Districts and charter schools made up less than a quarter of the school days lost to the severe winter of 2016-17, according to Idaho Education News research.
Administrators also used longer school days to make up for lost learning hours — and comply with state classroom time requirements.
But many were reluctant to extend the school year, for reasons that had little to do with student performance. High school seniors wanted graduation dates left intact. Parents wanted summer break to start as scheduled, in order to accommodate family vacation plans. Teachers had summer plans as well, including coursework or summer jobs.
As a result, teachers across the state had to shoehorn lesson plans into a shrinking school year. And according to one superintendent in the heart of Idaho’s snow belt, the truncated calendar contributed to disappointing test scores this spring.
By the numbers
Idaho Education News surveyed district superintendents and charter school administrators and asked two questions: How many school days were canceled in 2016-17, and how many were made up?
Idaho Education News received responses from 80 of Idaho’s 115 school districts and 20 of Idaho’s 47 charter schools. (Click here to download the numbers.)
While incomplete, the results are still telling. Respondents said their schools canceled 507 class days, and made up only 125 of them.
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These numbers don’t tell the whole story, several administrators told Idaho Education News.
They said the questionnaire didn’t account for extending the school day, the option many administrators used to make up for lost time.
And some administrators also said they didn’t need to make up any days at all — since their original schedules far exceeded the state’s classroom time requirements.
A view from ‘snowpocalypse’
Sitting on the Oregon border, the Weiser School District also sat squarely in the middle of 2017’s storm track.
Before the weather finally cleared, the district needed to deploy cranes to remove 300 tons of snow from school roofs. Snow removal also required hand-to-hand combat. About 115 volunteers — including high school seniors and 70 staffers — climbed onto the roofs, shovels in hand.
Superintendent Wil Overgaard calls it the “snowpocalypse,” an experience in the unforeseen. He’s not sure he even had to call 11 snow days in his previous 22 years in the Weiser district. In 2016-17, Weiser lost 11 school days to the winter. From Genesee in north-central Idaho to Buhl and Minidoka County in the Magic Valley, at least six school districts piled up double-digit snow days.
While the cranes were moving snow in Weiser, district staffers had to figure out how to move around the school calendar. They reached one conclusion quickly.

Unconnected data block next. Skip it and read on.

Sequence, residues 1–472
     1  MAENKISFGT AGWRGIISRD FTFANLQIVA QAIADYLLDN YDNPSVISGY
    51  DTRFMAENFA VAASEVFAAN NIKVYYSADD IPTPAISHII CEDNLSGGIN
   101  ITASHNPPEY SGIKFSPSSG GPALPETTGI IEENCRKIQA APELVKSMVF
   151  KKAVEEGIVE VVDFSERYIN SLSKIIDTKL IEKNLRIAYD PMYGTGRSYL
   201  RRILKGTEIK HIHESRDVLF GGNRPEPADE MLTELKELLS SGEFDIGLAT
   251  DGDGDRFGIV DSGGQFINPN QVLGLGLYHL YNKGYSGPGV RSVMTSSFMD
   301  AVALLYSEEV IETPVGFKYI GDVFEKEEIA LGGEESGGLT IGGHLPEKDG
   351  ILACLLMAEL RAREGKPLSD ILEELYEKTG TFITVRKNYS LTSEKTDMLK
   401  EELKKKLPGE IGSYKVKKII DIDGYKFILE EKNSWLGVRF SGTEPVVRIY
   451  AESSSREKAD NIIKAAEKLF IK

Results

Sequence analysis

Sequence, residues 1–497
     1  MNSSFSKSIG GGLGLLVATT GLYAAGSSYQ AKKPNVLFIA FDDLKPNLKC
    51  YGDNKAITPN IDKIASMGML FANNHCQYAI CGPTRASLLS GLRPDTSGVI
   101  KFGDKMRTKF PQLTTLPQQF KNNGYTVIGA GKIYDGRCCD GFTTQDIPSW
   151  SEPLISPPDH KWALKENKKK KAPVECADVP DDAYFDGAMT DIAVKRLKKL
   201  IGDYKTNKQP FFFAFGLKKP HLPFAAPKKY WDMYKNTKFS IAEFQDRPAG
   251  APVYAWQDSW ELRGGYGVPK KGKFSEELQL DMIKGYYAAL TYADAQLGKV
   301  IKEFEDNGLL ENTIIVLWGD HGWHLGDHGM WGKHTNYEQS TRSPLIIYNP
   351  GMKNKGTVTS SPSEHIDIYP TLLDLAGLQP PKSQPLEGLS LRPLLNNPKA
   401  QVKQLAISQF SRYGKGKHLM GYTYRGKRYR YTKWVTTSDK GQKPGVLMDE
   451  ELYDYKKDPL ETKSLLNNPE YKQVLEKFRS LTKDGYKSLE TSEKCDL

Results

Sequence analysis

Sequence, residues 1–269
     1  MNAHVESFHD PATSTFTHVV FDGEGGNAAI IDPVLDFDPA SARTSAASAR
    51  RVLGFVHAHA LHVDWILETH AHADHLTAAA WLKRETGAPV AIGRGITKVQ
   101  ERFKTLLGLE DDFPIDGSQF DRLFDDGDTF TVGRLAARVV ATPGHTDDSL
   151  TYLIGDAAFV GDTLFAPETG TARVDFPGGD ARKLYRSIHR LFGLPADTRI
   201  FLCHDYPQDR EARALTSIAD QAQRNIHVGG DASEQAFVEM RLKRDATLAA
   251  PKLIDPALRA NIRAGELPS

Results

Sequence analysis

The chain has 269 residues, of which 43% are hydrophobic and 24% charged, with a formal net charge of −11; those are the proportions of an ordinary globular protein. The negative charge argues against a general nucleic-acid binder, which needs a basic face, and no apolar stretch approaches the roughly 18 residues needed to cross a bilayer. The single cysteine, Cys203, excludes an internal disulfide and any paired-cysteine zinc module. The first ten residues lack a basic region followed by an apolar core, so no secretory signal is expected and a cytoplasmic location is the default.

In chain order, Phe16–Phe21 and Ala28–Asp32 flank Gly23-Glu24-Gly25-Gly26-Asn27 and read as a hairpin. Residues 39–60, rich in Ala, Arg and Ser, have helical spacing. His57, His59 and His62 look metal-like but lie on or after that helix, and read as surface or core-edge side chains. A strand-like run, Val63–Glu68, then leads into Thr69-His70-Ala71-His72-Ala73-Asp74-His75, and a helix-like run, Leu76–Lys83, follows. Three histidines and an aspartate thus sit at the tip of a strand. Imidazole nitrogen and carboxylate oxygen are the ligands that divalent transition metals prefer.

“We weren’t going to make up day-for-day,” Overgaard said.
The district postponed one day of teacher training. Parent-teacher conference day — normally an off day for students — became a school day. For nearly seven weeks after spring break, school was in session continuously, save for Saturdays and Sundays.
“It was a grind, but we got through it,” Overgaard said.
Weiser lost January “in a blur of blizzard,” Overgaard said this week. By the time the month ended, school had been in session for only nine days. School had been canceled for 10 days.
The January whiteout played havoc with schedules across a swath of southern Idaho.
Garden City’s Anser Charter School takes its cue from the Boise School District. When Boise called off seven school days — including a string of days after holiday break — Anser followed suit.
But that meant Anser’s students spent the better part of four weeks on an unplanned and extended holiday break. Ultimately, Anser called off nine school days. Anser added back one day, in mid-January — mostly to help students readjust.
“Getting back into the routine was very hard for young students,” said Heather Dennis, Anser’s organization director.
Administrators had to cobble together a revamped school schedule — not knowing when the storms would actually subside. Nampa School District administrators met during the January snow days to talk through their options.
In Nampa, as in many districts, the makeup schedule meant different things in different grades. The district converted four half days into full days, in all grades. High school seniors received a graduation present of sorts — two additional full makeup days.
That’s all because of a multilayered, and lenient, state law.
What the law requires
For parents and kids, bad weather equates to a snow day. A day when working parents may need to find a last-minute sitter. A day when students get an unexpected or unwanted day of downtime.
School administrators think instead of classroom hours — and the guidelines set in state law.